It had been 30 minutes, and there was no sign of Mr. Lambert. ‘Something’s off. Where’s Lee?’
Donna stepped out of the office and combed the entire store with her eyes. ‘There he is! Who is he talking to? Oh, God, please tell me he isn’t talking to—
“Mr. Burton, good morning! It’s nice to see you here after…”
“Two months! It took a while for the new Pittsburgh branch to kick things off, but it’s doing well now. I thought things were going well here, but your little boy tells me otherwise.”
“Oh, don’t listen to him…” Donna pulled Lee by the sleeve and hid him behind her.
“No, he’s a smart kid, this one. I caught him smiling at employees and secretly reading their name tags.”
Mr. Burton was right. Lee wanted to find his mother’s former manager before he went to her. His plan was to stop the manager and convince him to hire her back.
‘Just like mom always says,’ Lee thought ‘I can be very convincing!’
And when he saw Mr. Burton with the tag ‘General Manager’ on his uniform, he was thrilled.
“Hello, Mr. General Manager. There’s something we need to discuss, please.”
The employees chuckled at Mr. Burton’s impression of the little boy.
“In all seriousness, he told me what you went through yesterday. Only Lambert can punish someone for an act of kindness that he would call ‘unproductive.’ You’re not the first to bear the brunt of his lust for power in my absence. I’m sorry, Donna.”
Donna couldn’t believe that Mr. Burton was standing before her, apologizing. She would have never had the courage to talk to him directly.
‘So my suspicions were right. Lee did overhear my phone call last night. That’s why he was so stubborn about coming with me today!’
Donna caught Lee looking nervously at her, worrying if his little plan had angered his mother. She pulled him into a warm hug.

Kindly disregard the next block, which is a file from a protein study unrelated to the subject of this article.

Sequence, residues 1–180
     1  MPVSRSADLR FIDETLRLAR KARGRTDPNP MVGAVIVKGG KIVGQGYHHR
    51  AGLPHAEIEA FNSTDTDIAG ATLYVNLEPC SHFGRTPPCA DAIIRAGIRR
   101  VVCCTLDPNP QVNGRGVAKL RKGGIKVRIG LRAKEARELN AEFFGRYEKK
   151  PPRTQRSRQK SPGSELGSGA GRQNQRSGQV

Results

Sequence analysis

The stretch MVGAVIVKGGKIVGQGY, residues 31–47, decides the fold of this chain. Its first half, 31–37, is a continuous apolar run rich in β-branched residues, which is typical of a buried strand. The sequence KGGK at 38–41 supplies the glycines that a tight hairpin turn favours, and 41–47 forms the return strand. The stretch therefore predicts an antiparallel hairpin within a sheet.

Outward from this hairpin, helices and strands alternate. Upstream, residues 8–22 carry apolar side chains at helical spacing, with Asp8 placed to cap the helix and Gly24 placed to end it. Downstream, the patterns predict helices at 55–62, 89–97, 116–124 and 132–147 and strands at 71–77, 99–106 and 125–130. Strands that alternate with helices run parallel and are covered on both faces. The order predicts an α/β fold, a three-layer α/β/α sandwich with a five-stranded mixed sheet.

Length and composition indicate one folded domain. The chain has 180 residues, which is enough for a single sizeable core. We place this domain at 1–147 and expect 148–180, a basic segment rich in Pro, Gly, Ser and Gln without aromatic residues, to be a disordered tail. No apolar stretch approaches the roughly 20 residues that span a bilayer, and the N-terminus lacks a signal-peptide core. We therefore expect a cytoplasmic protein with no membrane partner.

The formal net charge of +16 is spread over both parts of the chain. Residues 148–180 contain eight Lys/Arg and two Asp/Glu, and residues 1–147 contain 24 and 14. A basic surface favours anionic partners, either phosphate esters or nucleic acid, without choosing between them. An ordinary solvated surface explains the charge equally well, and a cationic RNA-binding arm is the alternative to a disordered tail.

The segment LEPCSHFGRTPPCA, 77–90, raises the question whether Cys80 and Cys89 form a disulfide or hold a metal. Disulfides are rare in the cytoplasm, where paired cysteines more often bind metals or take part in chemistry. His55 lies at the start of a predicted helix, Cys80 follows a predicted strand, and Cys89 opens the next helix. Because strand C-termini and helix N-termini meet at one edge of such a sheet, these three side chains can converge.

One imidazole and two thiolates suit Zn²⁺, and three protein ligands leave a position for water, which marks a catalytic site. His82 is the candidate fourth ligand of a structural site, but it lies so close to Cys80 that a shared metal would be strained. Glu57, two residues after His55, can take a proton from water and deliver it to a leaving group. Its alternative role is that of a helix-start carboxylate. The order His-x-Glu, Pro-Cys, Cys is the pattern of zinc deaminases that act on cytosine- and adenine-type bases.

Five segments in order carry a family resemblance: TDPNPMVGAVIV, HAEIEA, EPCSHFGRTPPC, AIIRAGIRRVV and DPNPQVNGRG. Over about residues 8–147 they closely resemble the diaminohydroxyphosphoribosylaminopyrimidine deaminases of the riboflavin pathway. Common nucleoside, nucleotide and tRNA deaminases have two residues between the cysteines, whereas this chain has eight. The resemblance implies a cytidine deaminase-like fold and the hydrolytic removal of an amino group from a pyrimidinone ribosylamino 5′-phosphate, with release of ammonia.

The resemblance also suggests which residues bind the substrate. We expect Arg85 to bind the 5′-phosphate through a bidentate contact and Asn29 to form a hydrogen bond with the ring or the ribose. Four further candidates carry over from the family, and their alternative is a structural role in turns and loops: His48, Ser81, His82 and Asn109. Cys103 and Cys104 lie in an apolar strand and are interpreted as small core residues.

“You’re right, Mr. Burton; I do have quite an incredible boy.”
Mr. Burton took a few seconds to witness the beautiful mother-son moment and said, “Donna, needless to say, you have your job back. Well, not the old one. I’m about to fire Lambert, so the store will need a new experienced, dedicated manager. Would you be interested?”
The disbelief and joy on Donna’s face was a clear answer. Her youngest son had helped her in a way she couldn’t have imagined.
“I’ll have the paperwork ready for you when you come in tomorrow,” Mr. Burton said. “Now, if you’ll excuse me, I’ve got a tyrannical manager to fire.”
What can we learn from this story?
The universe has a way of taking care of its kind-hearted. Donna had only tried to help Ray when she got fired. However, both her son Lee and the general manager Mr. Burton happened to be at the right place at the right time and turned the whole situation around.
Kindness is a virtue, not a weakness. It took courage on Donna’s part to go out of her way to help Ray, despite knowing that she would have to face the consequences.
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This piece is inspired by stories from the everyday lives of our readers and written by a professional writer. Any resemblance to actual names or locations is purely coincidental. All images are for illustration purposes only.